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NAB chief's blunt talk on Clydesdale puts him at the sharp end

NAB chief's blunt talk on Clydesdale puts him at the sharp end
ANDREW Thorburn, the new chief executive of National Australia Bank, is already helping ensure the institution's top brass retains its richly-deserved reputation for bluntness when it comes to its Glasgow-based Clydesdale operation.

Mr Thorburn certainly left no-one in any doubt about just how much he wanted to get shot of NAB's UK business. He declared that it was an "absolute priority" for NAB to exit the UK market-place.

It has been fairly evident, from a raft of forthright remarks from NAB executives over the years, that the Australian bank would jump at the chance to offload Clydesdale and its sister Yorkshire Bank. So it is not as if management of Clydesdale, and the bank's thousands of employees, did not know which way the wind was blowing.

However, what Mr Thorburn appears to have done is started a clock ticking for the disposal of the UK operations. And Australian investors and sector analysts, who have for years now been griping about Clydesdale and Yorkshire, will be looking for him to deliver on his commitment in fairly short order. History would suggest Mr Thorburn has kicked off his stint at the top by setting himself an extremely tough challenge.

If there were any buyers for the Clydesdale and Yorkshire operations, you would think they might have pitched up by now.

The dearth of buyers for banking assets, especially those with operations concentrated in certain parts of the UK, has been evident in the failure of Royal Bank of Scotland to sell branches and assets which are now to be floated as Williams & Glyn.

RBS lined up a deal with Santander to sell these operations, which are concentrated in north-west England, but this fell through.

Lloyds Banking Group, for its part, failed to conclude a sale to a trade buyer of its "Verde" assets, which included the Lloyds TSB Scotland branch network and Cheltenham & Gloucester outlets. These assets have since been floated successfully on the UK stock market as TSB.

To be fair to Mr Thorburn, he appears to be well aware that a search for a buyer of Clydesdale and Yorkshire could well prove fruitless.

In NAB's latest full-year results, published yesterday, he says: "Our clear focus is on our Australian and New Zealand franchises and providing a better customer experience, and as a result we need greater urgency dealing to our remaining low-returning assets.

"In relation to exiting UK banking, this means we are now examining a broader range of options including those provided by public markets."

Perhaps Mr Thorburn has been encouraged by Lloyds' flotation of TSB, and believes NAB can follow suit with its UK operations.

However, it is important to remember that the new TSB, unlike many of the established UK banks, has not had to deal with huge legacy issues such as the mis-selling of payment protection insurance (PPI) and of some complex business loans.

NAB, while its UK operations have been far from alone in having had to make huge provisions for customer redress amid these mis-selling scandals, appears deeply unimpressed about all of this just the same.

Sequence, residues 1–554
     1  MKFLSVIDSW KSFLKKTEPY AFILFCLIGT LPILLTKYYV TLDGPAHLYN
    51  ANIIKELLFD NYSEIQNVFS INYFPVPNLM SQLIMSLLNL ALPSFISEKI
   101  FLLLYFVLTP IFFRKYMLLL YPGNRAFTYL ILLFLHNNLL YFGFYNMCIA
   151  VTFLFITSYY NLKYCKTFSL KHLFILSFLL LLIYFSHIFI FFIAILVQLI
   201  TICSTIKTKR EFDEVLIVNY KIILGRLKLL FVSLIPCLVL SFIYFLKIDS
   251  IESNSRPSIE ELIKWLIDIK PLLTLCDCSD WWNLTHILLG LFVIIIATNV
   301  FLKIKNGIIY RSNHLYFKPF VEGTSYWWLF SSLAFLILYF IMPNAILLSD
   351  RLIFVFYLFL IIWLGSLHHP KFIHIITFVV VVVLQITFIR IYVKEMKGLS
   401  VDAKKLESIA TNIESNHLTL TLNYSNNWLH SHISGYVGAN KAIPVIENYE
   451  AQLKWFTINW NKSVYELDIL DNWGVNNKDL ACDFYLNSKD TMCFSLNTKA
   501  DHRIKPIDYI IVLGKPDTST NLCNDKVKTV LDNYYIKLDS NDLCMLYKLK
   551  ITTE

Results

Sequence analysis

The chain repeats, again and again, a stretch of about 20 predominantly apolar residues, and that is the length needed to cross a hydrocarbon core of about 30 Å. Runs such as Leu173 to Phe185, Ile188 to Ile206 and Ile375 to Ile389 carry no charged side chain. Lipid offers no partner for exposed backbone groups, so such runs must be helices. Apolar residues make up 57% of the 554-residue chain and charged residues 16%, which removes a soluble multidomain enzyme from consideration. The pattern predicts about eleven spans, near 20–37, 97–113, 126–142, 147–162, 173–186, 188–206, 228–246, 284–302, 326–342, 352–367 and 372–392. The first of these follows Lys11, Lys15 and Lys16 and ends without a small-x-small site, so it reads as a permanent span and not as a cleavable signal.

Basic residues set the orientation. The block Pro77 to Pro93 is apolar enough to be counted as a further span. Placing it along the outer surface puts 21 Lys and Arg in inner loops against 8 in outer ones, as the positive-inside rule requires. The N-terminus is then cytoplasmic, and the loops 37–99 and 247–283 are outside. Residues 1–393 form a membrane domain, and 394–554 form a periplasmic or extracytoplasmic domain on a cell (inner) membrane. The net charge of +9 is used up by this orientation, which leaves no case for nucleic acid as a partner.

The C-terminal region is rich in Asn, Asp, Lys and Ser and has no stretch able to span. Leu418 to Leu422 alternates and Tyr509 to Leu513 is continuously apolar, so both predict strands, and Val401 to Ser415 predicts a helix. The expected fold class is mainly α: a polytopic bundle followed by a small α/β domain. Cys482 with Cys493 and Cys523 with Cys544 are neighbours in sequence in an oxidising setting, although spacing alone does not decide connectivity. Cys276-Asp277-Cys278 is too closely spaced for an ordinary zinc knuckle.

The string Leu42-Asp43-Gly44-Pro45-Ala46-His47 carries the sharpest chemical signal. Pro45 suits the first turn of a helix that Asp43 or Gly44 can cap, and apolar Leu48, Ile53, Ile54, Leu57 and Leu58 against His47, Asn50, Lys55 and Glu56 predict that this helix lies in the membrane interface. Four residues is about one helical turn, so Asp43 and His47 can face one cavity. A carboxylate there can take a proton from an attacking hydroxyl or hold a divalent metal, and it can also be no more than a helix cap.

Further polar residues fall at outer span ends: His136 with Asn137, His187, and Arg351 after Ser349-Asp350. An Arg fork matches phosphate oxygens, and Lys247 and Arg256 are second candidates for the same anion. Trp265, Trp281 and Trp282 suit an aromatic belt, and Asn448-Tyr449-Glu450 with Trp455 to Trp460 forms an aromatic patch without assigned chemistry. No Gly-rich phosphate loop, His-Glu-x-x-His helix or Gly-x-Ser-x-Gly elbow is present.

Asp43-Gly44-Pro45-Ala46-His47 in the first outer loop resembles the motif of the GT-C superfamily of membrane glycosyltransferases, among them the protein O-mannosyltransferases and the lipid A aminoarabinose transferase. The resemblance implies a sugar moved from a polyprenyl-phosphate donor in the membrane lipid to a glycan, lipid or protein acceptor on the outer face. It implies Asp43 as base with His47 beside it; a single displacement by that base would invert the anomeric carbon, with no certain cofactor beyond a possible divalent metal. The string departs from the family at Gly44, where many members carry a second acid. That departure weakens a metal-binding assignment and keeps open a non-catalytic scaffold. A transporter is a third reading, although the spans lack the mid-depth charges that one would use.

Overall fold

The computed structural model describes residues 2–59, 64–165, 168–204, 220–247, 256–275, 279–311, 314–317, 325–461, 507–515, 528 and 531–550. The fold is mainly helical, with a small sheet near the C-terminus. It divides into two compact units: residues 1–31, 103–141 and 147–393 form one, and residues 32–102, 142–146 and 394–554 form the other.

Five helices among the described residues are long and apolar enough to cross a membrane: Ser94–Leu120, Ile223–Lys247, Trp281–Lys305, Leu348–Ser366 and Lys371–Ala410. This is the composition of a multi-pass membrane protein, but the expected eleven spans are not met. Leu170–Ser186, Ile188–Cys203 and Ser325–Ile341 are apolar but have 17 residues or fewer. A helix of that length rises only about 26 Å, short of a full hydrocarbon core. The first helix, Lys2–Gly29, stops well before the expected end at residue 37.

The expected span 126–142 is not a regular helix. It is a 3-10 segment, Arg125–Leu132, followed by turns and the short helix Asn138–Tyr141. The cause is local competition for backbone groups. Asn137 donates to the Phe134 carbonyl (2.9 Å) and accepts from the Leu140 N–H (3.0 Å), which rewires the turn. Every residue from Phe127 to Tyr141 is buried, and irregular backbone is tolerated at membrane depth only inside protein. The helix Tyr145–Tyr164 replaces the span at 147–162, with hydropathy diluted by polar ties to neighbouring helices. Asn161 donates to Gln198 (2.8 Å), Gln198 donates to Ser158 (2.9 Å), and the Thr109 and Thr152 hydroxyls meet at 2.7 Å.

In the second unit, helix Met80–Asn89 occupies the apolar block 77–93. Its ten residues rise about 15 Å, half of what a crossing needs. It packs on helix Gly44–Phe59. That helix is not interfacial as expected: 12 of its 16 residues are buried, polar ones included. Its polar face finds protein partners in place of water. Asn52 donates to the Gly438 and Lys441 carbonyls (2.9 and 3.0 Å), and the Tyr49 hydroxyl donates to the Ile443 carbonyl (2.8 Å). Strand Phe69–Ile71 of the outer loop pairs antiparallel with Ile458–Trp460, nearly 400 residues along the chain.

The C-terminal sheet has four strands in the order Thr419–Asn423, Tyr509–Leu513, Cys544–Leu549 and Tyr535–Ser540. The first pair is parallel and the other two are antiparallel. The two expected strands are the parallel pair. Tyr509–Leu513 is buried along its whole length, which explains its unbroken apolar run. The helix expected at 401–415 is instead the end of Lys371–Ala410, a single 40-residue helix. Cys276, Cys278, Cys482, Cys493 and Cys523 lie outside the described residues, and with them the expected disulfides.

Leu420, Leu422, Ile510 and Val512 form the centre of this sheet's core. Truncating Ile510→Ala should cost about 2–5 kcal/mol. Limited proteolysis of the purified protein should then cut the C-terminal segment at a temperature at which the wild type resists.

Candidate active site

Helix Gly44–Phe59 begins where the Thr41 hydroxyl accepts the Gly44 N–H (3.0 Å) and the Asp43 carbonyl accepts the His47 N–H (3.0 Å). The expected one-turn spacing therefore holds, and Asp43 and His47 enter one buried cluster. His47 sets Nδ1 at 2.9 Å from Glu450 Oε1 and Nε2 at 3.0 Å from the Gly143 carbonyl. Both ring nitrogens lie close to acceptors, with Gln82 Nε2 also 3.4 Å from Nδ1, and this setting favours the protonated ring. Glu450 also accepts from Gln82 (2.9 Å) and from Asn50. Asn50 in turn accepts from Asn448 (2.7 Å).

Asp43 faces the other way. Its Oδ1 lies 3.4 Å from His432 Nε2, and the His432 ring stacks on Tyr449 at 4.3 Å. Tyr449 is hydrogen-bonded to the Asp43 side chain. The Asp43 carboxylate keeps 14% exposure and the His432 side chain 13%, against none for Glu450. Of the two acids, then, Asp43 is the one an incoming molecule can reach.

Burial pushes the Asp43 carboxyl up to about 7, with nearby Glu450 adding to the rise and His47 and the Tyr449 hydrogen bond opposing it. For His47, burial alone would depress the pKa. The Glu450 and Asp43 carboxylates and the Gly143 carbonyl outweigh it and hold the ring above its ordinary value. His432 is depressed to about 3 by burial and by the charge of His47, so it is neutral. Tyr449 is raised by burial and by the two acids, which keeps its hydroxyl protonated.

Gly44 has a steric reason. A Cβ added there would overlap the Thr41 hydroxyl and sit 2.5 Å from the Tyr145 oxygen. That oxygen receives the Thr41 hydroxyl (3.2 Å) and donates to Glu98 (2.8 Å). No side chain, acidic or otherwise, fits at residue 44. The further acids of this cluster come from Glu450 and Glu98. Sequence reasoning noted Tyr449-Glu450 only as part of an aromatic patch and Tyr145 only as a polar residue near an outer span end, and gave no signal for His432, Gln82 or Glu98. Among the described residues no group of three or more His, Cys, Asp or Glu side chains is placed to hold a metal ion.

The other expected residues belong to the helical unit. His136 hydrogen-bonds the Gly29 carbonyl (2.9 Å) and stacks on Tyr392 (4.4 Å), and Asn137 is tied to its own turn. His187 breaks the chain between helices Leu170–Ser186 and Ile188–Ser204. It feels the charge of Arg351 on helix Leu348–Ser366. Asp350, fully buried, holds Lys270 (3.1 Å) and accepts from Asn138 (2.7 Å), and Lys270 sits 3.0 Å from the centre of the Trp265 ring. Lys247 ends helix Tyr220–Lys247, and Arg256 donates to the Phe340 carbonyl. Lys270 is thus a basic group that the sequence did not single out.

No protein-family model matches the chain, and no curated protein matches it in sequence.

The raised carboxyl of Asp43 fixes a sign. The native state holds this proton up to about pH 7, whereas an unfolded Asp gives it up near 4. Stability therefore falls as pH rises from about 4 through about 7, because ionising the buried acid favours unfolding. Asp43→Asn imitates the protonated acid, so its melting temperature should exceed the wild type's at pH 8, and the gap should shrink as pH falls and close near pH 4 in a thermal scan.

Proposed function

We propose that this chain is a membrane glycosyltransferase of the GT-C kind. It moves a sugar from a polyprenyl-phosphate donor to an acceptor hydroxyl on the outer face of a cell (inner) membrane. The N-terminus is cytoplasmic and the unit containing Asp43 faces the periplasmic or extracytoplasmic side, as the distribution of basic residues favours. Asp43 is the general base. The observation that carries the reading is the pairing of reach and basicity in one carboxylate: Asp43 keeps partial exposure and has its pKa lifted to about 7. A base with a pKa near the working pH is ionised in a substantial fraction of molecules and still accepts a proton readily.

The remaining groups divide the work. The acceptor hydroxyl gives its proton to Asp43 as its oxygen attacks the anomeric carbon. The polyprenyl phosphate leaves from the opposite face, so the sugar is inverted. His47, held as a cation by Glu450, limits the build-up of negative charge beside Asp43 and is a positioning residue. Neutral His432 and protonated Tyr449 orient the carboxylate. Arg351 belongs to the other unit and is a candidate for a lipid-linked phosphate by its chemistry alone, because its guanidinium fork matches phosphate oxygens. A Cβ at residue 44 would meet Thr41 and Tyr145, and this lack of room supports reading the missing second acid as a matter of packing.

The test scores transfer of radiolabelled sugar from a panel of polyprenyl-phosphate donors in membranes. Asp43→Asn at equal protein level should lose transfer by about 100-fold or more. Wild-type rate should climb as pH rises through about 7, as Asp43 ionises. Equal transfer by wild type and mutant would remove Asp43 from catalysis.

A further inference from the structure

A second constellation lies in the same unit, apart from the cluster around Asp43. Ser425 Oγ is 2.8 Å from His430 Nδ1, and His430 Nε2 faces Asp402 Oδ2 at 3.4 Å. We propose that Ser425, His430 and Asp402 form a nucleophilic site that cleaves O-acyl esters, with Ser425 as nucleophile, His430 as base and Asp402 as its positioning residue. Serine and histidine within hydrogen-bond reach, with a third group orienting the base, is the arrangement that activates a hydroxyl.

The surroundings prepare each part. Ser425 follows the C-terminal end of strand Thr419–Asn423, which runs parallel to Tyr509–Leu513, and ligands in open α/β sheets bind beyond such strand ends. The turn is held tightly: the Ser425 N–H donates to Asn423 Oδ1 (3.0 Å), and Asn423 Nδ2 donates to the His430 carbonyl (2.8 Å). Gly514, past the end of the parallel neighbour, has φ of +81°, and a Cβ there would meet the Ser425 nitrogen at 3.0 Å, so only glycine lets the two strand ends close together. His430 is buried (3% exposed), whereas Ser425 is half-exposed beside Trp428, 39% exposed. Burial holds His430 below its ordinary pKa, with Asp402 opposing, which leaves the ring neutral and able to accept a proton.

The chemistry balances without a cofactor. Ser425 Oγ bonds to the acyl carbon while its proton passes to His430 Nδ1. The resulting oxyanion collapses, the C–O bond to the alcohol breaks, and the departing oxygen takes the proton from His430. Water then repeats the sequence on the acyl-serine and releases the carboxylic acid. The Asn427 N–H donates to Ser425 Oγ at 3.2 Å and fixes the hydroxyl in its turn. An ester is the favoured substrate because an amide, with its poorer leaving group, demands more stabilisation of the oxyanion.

Mr Thorburn says in the results: "While our Australia and New Zealand franchises are in good shape, it is disappointing to record a full-year result that includes 1.5 billion [Australian dollars] after tax in UK conduct provisions and other impairments."

The shadow of the PPI and business loan scandals may loom large over any flotation plans.

And that is not the only issue. This month, we have seen Virgin Money delay a planned flotation because of volatile stock market conditions. Fellow "challenger bank" Aldermore has also pulled away from a flotation.

It is far easier to envisage a flotation of Clydesdale and Yorkshire, acquired by NAB in the late-1980s and early-1990s, than a conventional sale.

But that certainly does not mean such a flotation will be quick, easy, or a foregone conclusion.

You would have to say that NAB executives, past and present, have hardly been talking up Clydesdale and Yorkshire.

With regard to NAB's UK business, The Australian Financial Review recently quoted Mr Thorburn's predecessor, Cameron Clyne, as follows: "I spent six years of my life on it. They'll get out of there eventually."

Six years is a long time.

"Absolute priority" suggests Mr Thorburn does not want to spend six years of his life on the UK operations. But Mr Clyne has signalled that would not have been his choice either.

NAB's 7,100-strong UK workforce, about 3,700 of whom are in Scotland, have had more than their fair share of uncertainty over those six years.

Mr Thorburn has given the impression this uncertainty might at long last come to some kind of an end, for better or worse, sooner rather than later. By doing so, he will have whetted the appetite of investors in Australia keen for NAB to get out of the struggling UK economy.

But he should not underestimate the length and likely nature of the journey in terms of putting his talk into action. And he could face some sharp-tongued criticism in Australia if he is unable to deliver, and fast.

Author: Ian McConnell
Source: Herald Scotland

 

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